Since the bootloader needs to communicate with an outside interface to get it’s input buffer, we are in control of that part of the equation. So yes, we are going to send random data into the victim using it's update protocol and trace how it reacts. At first you may be worried about over writing the target. The truth is all bootloaders have some sort of CRC check after decryption which becomes mathematically improbably that check would pass with decrypted random data.

Some bootloaders front load the CRC in cleartext in order to accept the data packet. These style of bootloaders at minimum will always have a flag once the update is complete, so as long as we just program the first block, we will just be stuck in the bootloader each iterative cycle. 

Our particular target encrypted the header containing the CRC and destination row with the row's data. It always sent 0x90 bytes with a program row size of 0x80 so we knew 0x10 bytes consisted of a header.

You may ask, why did they add 16 bytes when 4 CRC bytes and 2 offset sector bytes would have worked? Remember AES works on 16 bytes at a time, so it most always will be 16 byte aligned. 

As we learned from many other SCA resources, we can put an inline, “shunt,” resistor (R9) to capture the current waveform the microcontroller uses during decryption. For the ATSAMD21, we measured the voltage across VDDCORE_SENSE to determine the current draw at that instant. 

VddCore Disable on Atmel SAM devices

We then log this waveform, with the input data and create a single power trace data set. Doing this thousands of times, we now have enough data to run our analysis and hopefully compromise the victim's keys. 

Analysis Stage

To simplify the attack theory (and leaving out the mechanics):

For each point in our power trace we ask a question. If the byte in key_schedule_round_10[0] was this value, would the power usage at this particular point correlate with this assumption? By aligning our traces, and performing this analysis on all our captured traces, for each key location, we find a certain value and time where the correlation is extremely high (a value whose absolute value is approaching 1).

Correlation by Denis Boigelot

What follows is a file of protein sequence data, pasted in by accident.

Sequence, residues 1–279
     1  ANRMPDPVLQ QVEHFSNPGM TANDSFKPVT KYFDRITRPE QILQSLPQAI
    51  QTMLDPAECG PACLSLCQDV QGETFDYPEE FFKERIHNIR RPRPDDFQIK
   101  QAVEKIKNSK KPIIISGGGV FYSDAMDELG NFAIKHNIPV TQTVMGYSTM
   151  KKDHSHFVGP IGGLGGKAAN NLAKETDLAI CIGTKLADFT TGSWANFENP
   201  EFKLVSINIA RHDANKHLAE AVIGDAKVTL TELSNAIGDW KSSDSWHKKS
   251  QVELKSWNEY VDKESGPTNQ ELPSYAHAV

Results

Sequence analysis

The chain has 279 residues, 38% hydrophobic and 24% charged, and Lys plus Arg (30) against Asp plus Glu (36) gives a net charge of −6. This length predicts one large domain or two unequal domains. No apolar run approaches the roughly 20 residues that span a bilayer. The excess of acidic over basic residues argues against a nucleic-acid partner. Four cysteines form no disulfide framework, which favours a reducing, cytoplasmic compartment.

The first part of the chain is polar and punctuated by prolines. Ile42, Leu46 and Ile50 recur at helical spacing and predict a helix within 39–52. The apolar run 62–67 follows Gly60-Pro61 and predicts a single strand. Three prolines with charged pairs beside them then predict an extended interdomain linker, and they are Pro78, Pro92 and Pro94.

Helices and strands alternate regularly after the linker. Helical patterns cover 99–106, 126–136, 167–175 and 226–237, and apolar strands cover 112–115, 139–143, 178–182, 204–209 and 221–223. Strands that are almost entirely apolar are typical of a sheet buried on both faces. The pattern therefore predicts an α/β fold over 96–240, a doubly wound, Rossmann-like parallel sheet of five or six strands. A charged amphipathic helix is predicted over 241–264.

An example of the correlation of x and y for various distributions of (x,y) pairs- Denis Boigelot

Surprisingly quickly, the point in time and value where the key schedule value is being written or read from the microcontroller's bus becomes apparent.

Colin O'Flynn talks about correlation in his Introduction to Side-Channel Power Analysis video at 45:50, however the whole video is highly recommended to watch. 

Curve Balls

The only curve ball is the order of operations is not byte 0,1, ... 15. Because of the inverse shift rows step, the bytes are not processed in order. However, due to the correlation basis of CPA, the order does not matter and the key and it’s location in the key schedule is easily identified. Since it helps during debugging our attack, the byte order will be:

Byte number 0, 13, 10, 7 | 4, 1, 14, 11 | 8, 5, 2, 15 | 12, 9, 6 ,3
If you look at the mix columns step, it processes four bytes at a time, hence the '|' pipe notation. 

I should note, as I got held back with this fundamental for a couple days, we are not necessarily focusing on the exact time the "result" is written into the register. Our attack should have a broad view on every time this byte is being used for the first round of decryption. Remember it is not only written into the register when it is first calculated, but also read from the register when it is used for the following decryption step. In my particular attack, when the algorithm used these values down the decryption pipeline, the power correlation became much more apparent than when the values were first calculated.

You may be wondering why we don't just set our trigger to when round 0 key is being used and do the CPA there? The reason being is we no longer know the input_buffer at that point as it has already been manipulated 9 times.